Eric:

I mean, like regardless of whether they were, you know, having sex or whatever, like good for them.

Gregory:

Yeah. Yeah. I mean.

Eric:

I can barely live with myself. Like I drive myself nuts. I can’t even imagine living with someone who I didn’t even love, supposedly.

Eric:

I wonder if they called each other princess.

Eric:

Oh. [Laughter] So, um, okay, so now let’s get to some of the evidence about what that relationship may have looked like. So we’re getting into the 1830s, 1840s. It’s pretty clear that they’re spending a lot of time together. And people were a little, people are homophobic now. People were, you know, they didn’t have that word, uh, homosexual yet. So there certainly wasn’t this idea of homophobia, but there were very, very specific, uh, norms of how men were supposed to act and look. And one thing that people would say about Buchanan is that he had “a shrill feminine voice and wholly beardless cheeks.”

Gregory:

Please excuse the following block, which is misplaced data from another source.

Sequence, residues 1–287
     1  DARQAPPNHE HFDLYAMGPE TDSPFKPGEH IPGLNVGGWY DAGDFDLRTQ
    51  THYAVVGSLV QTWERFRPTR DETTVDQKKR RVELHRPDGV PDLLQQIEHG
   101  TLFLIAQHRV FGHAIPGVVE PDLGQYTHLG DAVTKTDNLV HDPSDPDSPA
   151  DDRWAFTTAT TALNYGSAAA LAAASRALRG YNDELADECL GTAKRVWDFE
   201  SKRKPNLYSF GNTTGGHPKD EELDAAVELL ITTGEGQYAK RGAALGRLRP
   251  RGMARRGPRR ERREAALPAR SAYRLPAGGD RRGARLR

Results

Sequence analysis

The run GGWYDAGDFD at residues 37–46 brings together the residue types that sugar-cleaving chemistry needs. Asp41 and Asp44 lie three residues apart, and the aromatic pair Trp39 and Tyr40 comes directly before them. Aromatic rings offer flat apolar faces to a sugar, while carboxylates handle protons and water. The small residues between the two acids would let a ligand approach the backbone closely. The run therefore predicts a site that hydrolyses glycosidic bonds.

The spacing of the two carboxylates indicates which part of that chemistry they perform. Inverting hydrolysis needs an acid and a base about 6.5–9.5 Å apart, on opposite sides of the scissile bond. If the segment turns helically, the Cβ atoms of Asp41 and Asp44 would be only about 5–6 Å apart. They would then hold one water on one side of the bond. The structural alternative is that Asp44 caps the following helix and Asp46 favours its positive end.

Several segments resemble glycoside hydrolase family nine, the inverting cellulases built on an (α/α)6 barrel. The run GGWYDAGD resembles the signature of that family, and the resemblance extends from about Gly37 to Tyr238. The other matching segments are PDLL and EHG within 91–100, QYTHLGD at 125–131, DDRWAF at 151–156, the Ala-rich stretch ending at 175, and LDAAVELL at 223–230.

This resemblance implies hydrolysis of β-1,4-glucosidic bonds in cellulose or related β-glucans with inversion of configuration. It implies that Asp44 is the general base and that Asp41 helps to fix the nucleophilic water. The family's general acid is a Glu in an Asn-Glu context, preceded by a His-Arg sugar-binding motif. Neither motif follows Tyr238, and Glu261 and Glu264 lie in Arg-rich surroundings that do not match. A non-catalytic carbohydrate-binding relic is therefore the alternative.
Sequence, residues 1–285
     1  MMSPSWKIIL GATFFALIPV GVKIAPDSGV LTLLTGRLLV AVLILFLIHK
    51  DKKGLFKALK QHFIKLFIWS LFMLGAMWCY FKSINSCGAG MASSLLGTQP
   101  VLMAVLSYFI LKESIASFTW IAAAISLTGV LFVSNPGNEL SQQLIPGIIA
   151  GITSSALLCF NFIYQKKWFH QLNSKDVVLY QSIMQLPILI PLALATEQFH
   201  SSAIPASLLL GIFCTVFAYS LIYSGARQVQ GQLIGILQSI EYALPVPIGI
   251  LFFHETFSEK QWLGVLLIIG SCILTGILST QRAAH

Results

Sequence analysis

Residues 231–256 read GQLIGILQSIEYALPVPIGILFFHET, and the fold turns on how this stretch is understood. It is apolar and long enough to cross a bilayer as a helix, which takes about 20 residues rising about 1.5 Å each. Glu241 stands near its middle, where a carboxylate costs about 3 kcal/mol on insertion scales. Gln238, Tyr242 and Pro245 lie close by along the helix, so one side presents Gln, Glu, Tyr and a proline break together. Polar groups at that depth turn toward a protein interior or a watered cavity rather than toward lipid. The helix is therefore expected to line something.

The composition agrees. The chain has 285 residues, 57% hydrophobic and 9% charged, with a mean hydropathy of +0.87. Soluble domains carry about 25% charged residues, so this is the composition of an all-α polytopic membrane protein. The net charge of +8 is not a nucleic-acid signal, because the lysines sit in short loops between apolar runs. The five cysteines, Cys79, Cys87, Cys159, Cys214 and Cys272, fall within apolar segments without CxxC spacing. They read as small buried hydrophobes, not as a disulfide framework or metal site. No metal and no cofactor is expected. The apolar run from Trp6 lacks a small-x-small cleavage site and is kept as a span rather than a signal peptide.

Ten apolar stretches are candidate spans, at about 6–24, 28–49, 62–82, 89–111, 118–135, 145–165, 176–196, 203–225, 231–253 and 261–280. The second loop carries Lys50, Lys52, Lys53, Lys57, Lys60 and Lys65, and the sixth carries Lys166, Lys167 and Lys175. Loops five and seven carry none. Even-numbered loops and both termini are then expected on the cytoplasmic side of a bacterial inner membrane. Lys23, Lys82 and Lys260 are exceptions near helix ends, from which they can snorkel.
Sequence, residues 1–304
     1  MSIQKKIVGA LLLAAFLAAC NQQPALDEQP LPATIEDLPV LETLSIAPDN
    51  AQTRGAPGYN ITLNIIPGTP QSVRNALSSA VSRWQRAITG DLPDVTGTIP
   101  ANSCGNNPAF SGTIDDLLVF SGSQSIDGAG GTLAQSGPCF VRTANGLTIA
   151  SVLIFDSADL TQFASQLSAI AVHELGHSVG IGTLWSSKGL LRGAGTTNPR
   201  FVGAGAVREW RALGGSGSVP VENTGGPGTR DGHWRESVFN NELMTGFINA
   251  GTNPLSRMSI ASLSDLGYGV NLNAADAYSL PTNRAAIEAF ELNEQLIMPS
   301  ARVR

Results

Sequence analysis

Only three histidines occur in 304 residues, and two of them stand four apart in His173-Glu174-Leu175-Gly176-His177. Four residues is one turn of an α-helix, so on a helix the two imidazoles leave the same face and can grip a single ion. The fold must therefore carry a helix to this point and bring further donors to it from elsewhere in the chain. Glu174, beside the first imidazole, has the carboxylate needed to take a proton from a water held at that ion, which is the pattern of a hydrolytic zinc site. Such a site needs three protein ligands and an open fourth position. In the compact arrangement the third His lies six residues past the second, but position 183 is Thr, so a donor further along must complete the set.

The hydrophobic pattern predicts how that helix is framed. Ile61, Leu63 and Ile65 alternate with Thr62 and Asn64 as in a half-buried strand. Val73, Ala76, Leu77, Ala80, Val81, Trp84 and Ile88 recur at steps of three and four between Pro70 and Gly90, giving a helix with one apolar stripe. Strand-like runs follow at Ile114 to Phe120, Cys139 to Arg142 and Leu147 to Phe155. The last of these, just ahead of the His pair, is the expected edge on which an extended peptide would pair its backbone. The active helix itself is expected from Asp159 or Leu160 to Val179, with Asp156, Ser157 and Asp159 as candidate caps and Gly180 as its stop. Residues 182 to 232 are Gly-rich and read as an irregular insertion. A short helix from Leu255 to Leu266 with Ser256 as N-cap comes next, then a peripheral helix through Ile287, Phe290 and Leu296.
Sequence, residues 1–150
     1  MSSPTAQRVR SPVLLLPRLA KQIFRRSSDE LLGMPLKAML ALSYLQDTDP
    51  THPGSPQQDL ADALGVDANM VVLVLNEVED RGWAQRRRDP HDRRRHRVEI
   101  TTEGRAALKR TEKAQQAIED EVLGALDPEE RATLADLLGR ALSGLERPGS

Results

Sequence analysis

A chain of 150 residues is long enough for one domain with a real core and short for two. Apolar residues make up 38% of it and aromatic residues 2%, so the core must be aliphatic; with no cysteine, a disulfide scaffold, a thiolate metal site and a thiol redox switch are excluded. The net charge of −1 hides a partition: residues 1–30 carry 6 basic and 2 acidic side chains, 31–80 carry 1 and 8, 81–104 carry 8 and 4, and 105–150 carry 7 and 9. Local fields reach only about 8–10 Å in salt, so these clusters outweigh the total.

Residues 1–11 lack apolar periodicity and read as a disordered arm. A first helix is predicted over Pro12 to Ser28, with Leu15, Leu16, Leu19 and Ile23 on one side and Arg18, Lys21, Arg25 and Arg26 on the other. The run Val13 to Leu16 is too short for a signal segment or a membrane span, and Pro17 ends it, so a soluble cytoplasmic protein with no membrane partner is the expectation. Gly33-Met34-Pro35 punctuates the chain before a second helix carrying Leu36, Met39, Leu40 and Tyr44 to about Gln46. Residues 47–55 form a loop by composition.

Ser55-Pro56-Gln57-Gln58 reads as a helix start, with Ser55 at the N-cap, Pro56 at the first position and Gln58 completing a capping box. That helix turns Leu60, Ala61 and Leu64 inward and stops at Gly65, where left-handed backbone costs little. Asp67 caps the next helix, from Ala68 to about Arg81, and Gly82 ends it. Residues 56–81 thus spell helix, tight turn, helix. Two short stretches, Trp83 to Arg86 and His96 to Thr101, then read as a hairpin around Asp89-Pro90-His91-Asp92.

Oh wow. Beardless. That’s funny.

Eric:

So it was kind of femme shaming, right? Even.

Gregory:

That’s very femme shaming. If that’s not femme shaming, I don’t know what is. Shrill feminine voice.

Eric:

And so then other people noticed how much time they were spending together together. You know, they’d be be eating together, you know, traveling together–

Gregory:

Look at their watch, it’s been 16 years.

Eric:

[Laughter] Um, and so, you know, some people like future first, later, Julia Gardner Tyler, Present Tyler’s wife, called them the siamese twins, which kind of implies they were brothers. Other people made it a little bit more gendered.

Gregory:

Tyler, is that the one who died after two months?

Eric:

Uh, there was Harrison, I believe.

Gregory:

Right, right, right. Oh yeah. Tyler. He’s the one who annexed Texas, sorry. Right.

Eric:

Good. Good memory. We’re both from Texas, so that, that, um, colors some of our historical knowledge and our too, um, okay. Boy, other people called them by some more explicitly gendered things. They were referred to as, at least in Washington society, as miss Nancy and aunt fancy.

Gregory:

Oh my God.

Eric:

Which reminds me of, uh, uh, the comeback. What was her name?

Gregory:

Oh, Oh my gosh. Ah, yeah. Lisa, Kudros’s character. Um, Valerie cherish.

Eric:

Valerie cherish. She played this like really, um, kind of like older aunt.

Gregory:

Yes, the aunt in the track suit who comes in and says, “I don’t want to see that.”

Eric: